Google Confirms Tapjacking Attack – Likely All Versions Are Affected!

Eric | February 11, 2015

Stephan Huber and I found a dangerous tapjacking attack in the Android Open Source Project (AOSP) which causes serious security issues. Tapjacking, which is similar to clickjacking for web applications, is an attack where the user clicks/taps on seemingly benign objects in applications, triggering unintended actions not actually intended by the victim[1]. This results to dangerous security issues. Unfortunately, we already found malware samples in the wild that include our attack. To the best of our knowledge, the attack seems to apply to all currently available Android versions back til version 2.3. The attack, together with a patch, has already been submitted to the Android Security team who confirmed our attack and add our patch to the next major release of the AOSP. More details on the attack will follow as soon as the AOSP is patched. The contribution is nominated for Google’s Patch Award.

[1] Marcus Niemietz and Jörg Schwenk, UI Redressing Attacks on Android Devices, BlackHat Asia 2014

Cross-posted from SEEBlog

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Combating Dormant Malware Apps with Harvester

Eric | February 10, 2015

Over the past few days, the news has been full of a report of “dormant” malware that infected millions of Android devices. (German article here on The malware previously went unnoticed by laying dormant for several hours, sometimes multiple days, after installation, in some cases even requiring a reboot of the device to become active. Dynamic-analysis procedures usually only run for minutes and for efficiency reasons do not simulate situations like reboot Contrary to the current perception, though, this problem had long been identified, and in fact today with this article we are revealing Harvester, a new tool to address exactly this problem.

Harvester* uses a unique novel combination of static and dynamic analysis and code transformation to (1) identify and eliminate emulator and timeout checks from apps, and (2) that way allows for the extraction of interesting runtime values such as reflective method calls, target numbers of calls to the SMS APIs, account-data hard-wired in the malware, etc. In addition, Harvester is resilient against virtually all current cases of code obfuscation.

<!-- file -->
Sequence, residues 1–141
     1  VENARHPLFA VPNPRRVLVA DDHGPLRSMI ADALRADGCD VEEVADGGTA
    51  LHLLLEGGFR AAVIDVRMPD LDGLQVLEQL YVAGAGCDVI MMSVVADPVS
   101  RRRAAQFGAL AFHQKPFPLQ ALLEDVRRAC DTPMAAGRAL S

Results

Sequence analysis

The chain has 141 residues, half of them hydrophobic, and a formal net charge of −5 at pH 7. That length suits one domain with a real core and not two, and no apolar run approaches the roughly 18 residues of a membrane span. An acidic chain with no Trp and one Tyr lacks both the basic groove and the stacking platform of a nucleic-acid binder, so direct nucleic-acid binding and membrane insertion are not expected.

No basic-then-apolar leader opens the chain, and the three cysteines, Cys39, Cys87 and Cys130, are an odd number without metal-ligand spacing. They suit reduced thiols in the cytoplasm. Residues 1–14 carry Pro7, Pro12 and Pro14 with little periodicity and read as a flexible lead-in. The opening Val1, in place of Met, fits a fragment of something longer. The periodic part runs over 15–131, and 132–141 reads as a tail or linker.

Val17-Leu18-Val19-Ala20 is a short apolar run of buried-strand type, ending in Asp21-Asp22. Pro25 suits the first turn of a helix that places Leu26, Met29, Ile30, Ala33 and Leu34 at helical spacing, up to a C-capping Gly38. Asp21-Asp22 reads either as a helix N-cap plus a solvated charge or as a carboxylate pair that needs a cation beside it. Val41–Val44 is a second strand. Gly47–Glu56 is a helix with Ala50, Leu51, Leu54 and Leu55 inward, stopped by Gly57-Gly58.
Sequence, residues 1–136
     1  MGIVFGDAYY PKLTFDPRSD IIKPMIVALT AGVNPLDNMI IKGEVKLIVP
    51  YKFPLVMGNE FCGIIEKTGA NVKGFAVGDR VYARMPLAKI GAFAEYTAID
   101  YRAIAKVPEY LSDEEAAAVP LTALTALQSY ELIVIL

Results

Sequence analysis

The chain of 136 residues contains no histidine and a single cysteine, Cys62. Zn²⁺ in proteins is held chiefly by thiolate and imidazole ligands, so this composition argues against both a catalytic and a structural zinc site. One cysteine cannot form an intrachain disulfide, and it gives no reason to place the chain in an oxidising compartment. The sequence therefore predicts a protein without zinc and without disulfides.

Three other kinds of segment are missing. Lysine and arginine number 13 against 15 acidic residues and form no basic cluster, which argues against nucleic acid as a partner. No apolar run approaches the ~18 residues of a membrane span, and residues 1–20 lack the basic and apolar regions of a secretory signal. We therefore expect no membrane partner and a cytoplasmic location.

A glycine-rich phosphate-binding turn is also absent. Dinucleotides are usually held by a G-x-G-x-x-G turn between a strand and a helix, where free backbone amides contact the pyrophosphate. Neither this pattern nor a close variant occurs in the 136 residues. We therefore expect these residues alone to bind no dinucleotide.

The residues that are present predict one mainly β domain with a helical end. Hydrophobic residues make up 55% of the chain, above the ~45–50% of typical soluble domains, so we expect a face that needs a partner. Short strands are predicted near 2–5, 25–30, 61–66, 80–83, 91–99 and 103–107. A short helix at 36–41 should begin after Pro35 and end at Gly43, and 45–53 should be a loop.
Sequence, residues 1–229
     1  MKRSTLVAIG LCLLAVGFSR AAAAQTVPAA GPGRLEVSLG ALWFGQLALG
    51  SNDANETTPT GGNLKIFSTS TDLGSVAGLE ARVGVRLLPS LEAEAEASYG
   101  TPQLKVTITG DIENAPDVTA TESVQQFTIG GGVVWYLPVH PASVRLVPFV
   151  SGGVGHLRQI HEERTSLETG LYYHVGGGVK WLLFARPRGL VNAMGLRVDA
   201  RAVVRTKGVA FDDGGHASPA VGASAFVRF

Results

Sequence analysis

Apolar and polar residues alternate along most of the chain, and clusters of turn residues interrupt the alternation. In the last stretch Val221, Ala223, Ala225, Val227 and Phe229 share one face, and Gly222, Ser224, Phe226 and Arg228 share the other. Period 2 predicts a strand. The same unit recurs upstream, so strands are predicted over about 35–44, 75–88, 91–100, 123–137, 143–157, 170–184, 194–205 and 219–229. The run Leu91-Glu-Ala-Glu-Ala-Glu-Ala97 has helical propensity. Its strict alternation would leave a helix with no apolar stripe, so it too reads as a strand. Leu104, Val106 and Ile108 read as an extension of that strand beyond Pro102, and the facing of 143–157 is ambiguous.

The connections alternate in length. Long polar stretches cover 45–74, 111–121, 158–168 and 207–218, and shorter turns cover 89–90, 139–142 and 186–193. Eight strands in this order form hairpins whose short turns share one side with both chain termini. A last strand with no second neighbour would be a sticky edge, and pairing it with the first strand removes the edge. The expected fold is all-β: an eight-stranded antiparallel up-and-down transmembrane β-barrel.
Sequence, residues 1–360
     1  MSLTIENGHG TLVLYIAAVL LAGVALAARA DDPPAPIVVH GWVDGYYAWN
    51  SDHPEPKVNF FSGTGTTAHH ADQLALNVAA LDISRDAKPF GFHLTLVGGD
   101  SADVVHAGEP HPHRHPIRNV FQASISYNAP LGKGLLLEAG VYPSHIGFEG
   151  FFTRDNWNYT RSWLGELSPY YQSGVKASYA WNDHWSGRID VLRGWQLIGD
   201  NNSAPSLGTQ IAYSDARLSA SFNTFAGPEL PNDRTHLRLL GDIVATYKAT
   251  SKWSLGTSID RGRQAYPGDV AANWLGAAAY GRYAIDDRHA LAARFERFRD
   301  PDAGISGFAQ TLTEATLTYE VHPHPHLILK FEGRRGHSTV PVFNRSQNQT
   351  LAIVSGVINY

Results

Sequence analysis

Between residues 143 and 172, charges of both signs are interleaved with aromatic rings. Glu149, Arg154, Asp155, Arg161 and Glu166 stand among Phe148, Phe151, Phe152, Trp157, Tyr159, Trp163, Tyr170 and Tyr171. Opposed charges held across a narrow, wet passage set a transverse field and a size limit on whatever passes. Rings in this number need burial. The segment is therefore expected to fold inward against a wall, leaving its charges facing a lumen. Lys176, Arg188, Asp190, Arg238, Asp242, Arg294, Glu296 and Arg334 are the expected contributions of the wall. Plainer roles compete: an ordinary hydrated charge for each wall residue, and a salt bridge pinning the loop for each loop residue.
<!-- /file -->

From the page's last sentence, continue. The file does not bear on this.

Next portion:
As we show in our Technical Report (see below), Harvester can retrieve most runtime values of interest in a short amount of time, and can be used to significantly improve the quality of existing static and dynamic analysis tools.

In the past, we have successfully used Harvester to help retrieve inside information about current threats such as the banking trojan BadAccents we reported on earlier.

How does it work?

The main idea of Harvester is to apply dynamic analysis not to the original malware app but to a version of app that has been carefully altered to allow for an easy extraction of values of interest. Consider the original app code shown to the left. This app has an emulator check, returning early if the deviceId is all zeros. Using a specialized backwards slicing, Harvester determines that the check cannot influence our value of interest, in this case the number used in the sendTextMessage call. Therefore the check is simply eliminated from the app, as is all other code not influencing the value of interest. Executing this app thus immediately triggers the malicious behavior – no improved emulation or waiting required. Conditionals that may influence the value at hand are replaced by controllable boolean variables as shown to the right. Using a limited number of fast executions of the modified code, Harvester can quickly cover all necessary branches and extract all three relevant phone numbers.

Malware app codeApp sliced by Harvester

Our report is currently under submission at a major conference. We plan to make the implementation available after the paper has been accepted for publication.

Technical Report

Harvesting Runtime Data in Android Applications for Identifying Malware and Enhancing Code Analysis (Siegfried Rasthofer, Steven Arzt, Marc Miltenberger, Eric Bodden), Technical report TUD-CS-2015-0031, EC SPRIDE, 2015. [bib]

* Patent pending

Cross-posted from SEEBlog

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